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November 19, 1938

The Occupational Treatment of Mental Illness

JAMA. 1938;111(21):1957. doi:10.1001/jama.1938.02790470069030

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In the foreword of this interesting book by an English physician there is a quotation from Dr. Samuel Tuke of York Retreat, written in 1841, in which he gave credit to Sir William Ellis for introducing work on a large scale to asylum patients in England well over a century ago. But to Dr. Simon of Gutersloh is given the credit, early in this country, for using work as a "soothing potion in the hands of every nurse."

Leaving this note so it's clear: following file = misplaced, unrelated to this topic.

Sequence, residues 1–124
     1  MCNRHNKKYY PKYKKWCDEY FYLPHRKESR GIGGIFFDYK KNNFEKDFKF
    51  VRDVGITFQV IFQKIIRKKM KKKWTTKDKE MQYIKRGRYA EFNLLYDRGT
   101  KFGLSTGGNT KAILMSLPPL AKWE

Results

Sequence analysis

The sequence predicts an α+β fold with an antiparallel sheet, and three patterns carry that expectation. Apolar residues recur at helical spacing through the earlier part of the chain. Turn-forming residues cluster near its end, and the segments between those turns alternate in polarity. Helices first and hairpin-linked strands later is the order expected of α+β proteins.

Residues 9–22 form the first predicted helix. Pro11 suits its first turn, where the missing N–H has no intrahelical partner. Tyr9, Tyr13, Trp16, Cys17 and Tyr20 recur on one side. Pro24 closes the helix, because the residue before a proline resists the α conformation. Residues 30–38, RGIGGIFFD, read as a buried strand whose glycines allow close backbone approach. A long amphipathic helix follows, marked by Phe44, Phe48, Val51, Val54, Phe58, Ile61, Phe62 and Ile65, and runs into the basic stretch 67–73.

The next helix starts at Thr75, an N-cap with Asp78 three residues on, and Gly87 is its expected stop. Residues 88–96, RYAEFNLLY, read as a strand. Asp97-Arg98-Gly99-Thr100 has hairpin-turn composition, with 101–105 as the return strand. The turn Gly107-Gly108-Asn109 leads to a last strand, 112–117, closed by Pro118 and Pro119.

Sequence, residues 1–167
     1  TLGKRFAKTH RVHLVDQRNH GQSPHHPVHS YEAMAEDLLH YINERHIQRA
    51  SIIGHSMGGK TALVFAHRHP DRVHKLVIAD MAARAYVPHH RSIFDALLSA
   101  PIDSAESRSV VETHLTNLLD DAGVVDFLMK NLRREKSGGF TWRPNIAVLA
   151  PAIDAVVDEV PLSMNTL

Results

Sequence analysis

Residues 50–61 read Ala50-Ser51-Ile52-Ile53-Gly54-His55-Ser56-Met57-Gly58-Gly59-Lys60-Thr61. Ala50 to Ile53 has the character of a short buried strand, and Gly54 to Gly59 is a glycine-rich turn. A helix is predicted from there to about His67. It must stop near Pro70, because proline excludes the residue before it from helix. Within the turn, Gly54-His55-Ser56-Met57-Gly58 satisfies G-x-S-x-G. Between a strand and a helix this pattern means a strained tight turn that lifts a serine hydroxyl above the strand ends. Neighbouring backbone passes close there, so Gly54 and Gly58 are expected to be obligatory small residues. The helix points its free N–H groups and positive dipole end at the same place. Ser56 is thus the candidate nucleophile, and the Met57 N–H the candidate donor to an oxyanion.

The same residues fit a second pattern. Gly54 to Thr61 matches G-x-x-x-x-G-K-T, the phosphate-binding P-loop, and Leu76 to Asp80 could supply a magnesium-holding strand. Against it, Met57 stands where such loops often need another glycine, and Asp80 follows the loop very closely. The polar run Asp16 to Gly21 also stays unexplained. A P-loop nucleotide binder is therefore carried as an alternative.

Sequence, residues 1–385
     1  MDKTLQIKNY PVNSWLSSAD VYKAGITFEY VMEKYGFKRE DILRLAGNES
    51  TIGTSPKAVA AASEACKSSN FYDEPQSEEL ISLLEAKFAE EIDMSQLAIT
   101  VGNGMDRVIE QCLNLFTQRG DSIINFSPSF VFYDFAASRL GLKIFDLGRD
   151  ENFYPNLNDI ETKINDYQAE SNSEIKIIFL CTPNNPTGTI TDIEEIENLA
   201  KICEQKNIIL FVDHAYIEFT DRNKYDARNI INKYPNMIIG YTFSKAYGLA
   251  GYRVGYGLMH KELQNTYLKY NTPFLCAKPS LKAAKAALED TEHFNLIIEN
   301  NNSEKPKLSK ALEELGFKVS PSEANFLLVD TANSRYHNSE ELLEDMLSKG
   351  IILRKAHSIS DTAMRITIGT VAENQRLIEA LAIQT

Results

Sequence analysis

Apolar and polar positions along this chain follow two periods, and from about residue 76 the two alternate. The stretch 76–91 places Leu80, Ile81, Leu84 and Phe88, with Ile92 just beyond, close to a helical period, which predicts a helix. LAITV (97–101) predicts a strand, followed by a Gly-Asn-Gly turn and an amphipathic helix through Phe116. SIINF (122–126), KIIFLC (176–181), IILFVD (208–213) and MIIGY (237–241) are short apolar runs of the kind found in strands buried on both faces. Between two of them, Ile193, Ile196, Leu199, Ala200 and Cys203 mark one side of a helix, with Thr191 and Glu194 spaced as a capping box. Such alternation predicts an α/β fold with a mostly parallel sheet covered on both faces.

The purposes and aims of occupational therapy are discussed in the introduction. These deal freely with human nature, especially as it may react to success or failure. The value of work treatment does not depend on the quality of the thing made but more on the favorable reactions of the patient. The ability to work is usually a more wholesome commentary on recovery from fatigue than almost anything else that may happen.

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